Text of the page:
2014 Olympic ice dance champion Charlie White choreographed the show, which is unique because he and partner Meryl Davis were Tessa and Scott's biggest rivals - and training mates in Canton, Michigan - for the bulk of their competitive careers. No one is better suited - personally or professionally - as Mr. White to help Tessa and Scott bring their fairytale ice dance tale to a close.


So much of the time, ice show choreography can be repetitive from one year to the next, but Charlie - assisted by So You Think You Can Dance? phenom Randi Strong - brings a fresh perspective and employs storytelling-driven movements that complement each skater, as well as create the show's cohesive and distinctive look. The future of skating choreography is certainly in good hands with Charlie, whose work I hope to see much more of - in both the competitive and show skating realms - in the coming years.


And I would be remiss to not mention the beautiful costumes designed by the one and only Mathieu Caron, who is responsible for many of the top skaters' outfits in the figure skating world (including Tessa and Scott, most famously their Moulin Rouge free dance costumes).



The entire show was masterfully curated with both a sense of nostalgia and innovation, adding in dashes of motifs of programs gone by, Olympic medals won, step sequences of days of yore. Blink and you’ll miss some Easter eggs from Tessa and Scott's most iconic programs, including their 2007-08 Umbrellas of Cherbourg, 2016-17 "Latch", and 2017-18 Moulin Rouge free dances. And don’t forget their iconic goose lift, which first made its appearance over a decade ago and continues to demonstrate just why these two are the GOATs (greatest of all time) of figure skating.



Two-time Olympian and four-time U.S. national champion Jeremy Abbott was the first up for solos, skating to Santana’s “Treat,” which is basically the caviar of elevator music. The essence of the melody was translated from sound waves into seamless edges by way of the agile Mr. Abbott - who, by the way, does a number of backflips during the course of this show, and lands every one of them. Jeremy is really the heart of Rock The Rink, and everyone in the cast and crew will say the same. He has a way of bringing people together and is just one of the most wonderful, gracious, down-to-earth humans out there. His light and presence 100% helped make RTR the exceptional show and experience it was.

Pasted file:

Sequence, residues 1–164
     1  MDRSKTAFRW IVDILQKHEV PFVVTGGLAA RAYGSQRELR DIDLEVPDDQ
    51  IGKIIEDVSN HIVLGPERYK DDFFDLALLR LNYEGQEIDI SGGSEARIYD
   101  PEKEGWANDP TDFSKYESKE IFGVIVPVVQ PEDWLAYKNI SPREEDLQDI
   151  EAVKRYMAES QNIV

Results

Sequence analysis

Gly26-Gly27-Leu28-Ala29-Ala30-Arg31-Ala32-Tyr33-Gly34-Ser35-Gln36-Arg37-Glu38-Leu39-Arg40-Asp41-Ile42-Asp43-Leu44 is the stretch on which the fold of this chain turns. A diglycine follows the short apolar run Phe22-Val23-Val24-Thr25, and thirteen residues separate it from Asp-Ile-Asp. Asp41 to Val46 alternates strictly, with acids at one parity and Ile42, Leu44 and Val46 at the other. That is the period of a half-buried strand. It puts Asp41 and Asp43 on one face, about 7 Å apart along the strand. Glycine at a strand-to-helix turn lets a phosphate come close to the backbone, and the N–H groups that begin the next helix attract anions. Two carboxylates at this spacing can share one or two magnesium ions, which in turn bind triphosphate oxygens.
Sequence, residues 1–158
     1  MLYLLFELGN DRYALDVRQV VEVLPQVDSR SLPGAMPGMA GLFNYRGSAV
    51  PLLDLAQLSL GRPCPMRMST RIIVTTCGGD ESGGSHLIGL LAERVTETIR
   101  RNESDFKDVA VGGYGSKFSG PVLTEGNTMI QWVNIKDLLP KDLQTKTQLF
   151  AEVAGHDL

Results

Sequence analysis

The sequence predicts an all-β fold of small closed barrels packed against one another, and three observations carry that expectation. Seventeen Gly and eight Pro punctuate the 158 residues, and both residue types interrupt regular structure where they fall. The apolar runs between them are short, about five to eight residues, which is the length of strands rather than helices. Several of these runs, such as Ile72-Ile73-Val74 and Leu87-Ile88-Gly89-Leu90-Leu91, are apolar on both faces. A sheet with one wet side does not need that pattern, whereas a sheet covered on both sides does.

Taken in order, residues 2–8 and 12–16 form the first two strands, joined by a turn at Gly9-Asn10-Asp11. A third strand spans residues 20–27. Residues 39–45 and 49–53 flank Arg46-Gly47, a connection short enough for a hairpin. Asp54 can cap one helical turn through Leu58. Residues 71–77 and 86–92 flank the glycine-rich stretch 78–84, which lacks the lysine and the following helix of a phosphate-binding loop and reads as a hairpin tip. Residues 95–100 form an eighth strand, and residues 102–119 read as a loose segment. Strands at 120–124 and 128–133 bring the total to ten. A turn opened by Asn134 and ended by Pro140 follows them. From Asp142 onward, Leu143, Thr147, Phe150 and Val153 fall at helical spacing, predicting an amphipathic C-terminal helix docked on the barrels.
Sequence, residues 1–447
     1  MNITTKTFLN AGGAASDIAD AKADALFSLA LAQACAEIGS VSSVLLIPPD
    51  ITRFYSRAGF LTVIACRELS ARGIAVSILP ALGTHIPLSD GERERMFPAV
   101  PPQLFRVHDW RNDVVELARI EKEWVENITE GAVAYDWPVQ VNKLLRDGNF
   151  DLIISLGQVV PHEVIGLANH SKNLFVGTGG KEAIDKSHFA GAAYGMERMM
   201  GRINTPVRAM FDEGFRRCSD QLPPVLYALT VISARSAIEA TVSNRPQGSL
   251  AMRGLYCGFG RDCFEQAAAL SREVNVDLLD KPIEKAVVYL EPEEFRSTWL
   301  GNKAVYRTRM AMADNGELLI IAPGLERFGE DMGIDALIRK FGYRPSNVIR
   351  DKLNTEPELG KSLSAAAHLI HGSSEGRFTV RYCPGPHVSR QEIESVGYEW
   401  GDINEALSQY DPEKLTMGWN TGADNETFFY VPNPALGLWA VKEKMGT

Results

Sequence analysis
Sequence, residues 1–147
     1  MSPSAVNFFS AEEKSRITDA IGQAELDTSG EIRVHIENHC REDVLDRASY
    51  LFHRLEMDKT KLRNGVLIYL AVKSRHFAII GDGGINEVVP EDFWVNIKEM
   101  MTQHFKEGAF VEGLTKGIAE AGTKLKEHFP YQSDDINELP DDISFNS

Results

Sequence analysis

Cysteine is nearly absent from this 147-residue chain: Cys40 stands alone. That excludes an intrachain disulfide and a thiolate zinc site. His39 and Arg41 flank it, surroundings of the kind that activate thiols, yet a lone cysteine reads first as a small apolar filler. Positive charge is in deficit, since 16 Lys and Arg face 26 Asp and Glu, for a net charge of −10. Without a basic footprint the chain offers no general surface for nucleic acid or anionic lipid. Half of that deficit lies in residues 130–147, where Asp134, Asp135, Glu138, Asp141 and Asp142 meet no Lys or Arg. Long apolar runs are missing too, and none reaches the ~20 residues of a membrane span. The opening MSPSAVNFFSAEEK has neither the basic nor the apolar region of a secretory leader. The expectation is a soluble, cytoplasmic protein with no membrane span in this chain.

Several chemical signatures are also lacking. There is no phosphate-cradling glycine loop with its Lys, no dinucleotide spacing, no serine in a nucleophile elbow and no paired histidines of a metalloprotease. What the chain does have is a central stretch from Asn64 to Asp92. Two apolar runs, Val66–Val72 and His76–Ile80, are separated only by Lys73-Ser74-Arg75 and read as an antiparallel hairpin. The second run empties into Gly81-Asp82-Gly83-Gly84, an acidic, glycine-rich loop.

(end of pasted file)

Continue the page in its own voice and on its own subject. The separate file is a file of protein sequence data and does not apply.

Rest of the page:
Next up was Kaetlyn Osmond, whose greatest victory in life isn’t her world or Olympic titles, but the delicate balance of strength and vulnerability that she exudes on and off the ice. Kaetlyn is one of the most refreshing skaters and people I’ve had the pleasure to come across - she takes her struggles, her fears, and her emotions and beautifully expresses them on the ice. She doesn’t just interpret the lyrics of Jess Glynne’s “Thursday,” she embraces them: “Sometimes I'm shy and I'm anxious, sometimes I'm down on my knees, sometimes I try to embrace all my insecurities, so I won't wear makeup on Thursday, ‘cause who I am is enough.” Today's young skaters are so fortunate to have a role model like Kaetlyn to show them you can still succeed at the highest level while being true to yourself. Her program was a joy to watch, and she literally lets her hair down and enjoys every moment, from her beautiful serpentine spiral to triple toe-loop.



Russian Olympic pairs champions Tatiana Volosozhar and Maxim Trankov have been friends with Tessa and Scott for over 15 years, so it only made sense that they were part of RTR as well. They skated to Whitney Houston's “I Will Always Love You," and it rings especially true, considering they’re married and have a beautiful two-year-old daughter. Combining grit with astounding artistry, they take your breath with every perfectly executed element, from an easy-as-pie death spiral to a massive throw triple loop that rivals most currently competing teams. Tatiana and Max still look and skate like they could walk into any Grand Prix on any given day and smash the competition. They are both so pure in their joy for skating and love for the ice and each other - it’s simply amazing to observe.